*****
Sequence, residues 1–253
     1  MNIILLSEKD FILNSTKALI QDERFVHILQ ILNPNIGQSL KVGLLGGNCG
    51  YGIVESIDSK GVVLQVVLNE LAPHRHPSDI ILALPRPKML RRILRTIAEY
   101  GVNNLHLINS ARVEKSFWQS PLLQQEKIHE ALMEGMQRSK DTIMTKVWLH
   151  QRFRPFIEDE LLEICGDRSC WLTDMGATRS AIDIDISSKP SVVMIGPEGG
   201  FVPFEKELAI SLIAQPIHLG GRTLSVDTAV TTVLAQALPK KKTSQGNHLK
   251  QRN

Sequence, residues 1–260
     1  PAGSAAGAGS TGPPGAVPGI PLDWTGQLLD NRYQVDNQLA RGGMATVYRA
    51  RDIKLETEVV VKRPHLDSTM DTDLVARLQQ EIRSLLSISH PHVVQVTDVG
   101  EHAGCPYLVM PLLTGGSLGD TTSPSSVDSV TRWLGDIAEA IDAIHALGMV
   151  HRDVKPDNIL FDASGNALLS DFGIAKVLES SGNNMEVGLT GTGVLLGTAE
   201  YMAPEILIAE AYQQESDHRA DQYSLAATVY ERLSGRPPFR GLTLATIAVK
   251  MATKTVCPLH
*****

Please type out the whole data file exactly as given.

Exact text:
Sequence, residues 1–253
     1  MNIILLSEKD FILNSTKALI QDERFVHILQ ILNPNIGQSL KVGLLGGNCG
    51  YGIVESIDSK GVVLQVVLNE LAPHRHPSDI ILALPRPKML RRILRTIAEY
   101  GVNNLHLINS ARVEKSFWQS PLLQQEKIHE ALMEGMQRSK DTIMTKVWLH
   151  QRFRPFIEDE LLEICGDRSC WLTDMGATRS AIDIDISSKP SVVMIGPEGG
   201  FVPFEKELAI SLIAQPIHLG GRTLSVDTAV TTVLAQALPK KKTSQGNHLK
   251  QRN

Sequence, residues 1–260
     1  PAGSAAGAGS TGPPGAVPGI PLDWTGQLLD NRYQVDNQLA RGGMATVYRA
    51  RDIKLETEVV VKRPHLDSTM DTDLVARLQQ EIRSLLSISH PHVVQVTDVG
   101  EHAGCPYLVM PLLTGGSLGD TTSPSSVDSV TRWLGDIAEA IDAIHALGMV
   151  HRDVKPDNIL FDASGNALLS DFGIAKVLES SGNNMEVGLT GTGVLLGTAE
   201  YMAPEILIAE AYQQESDHRA DQYSLAATVY ERLSGRPPFR GLTLATIAVK
   251  MATKTVCPLH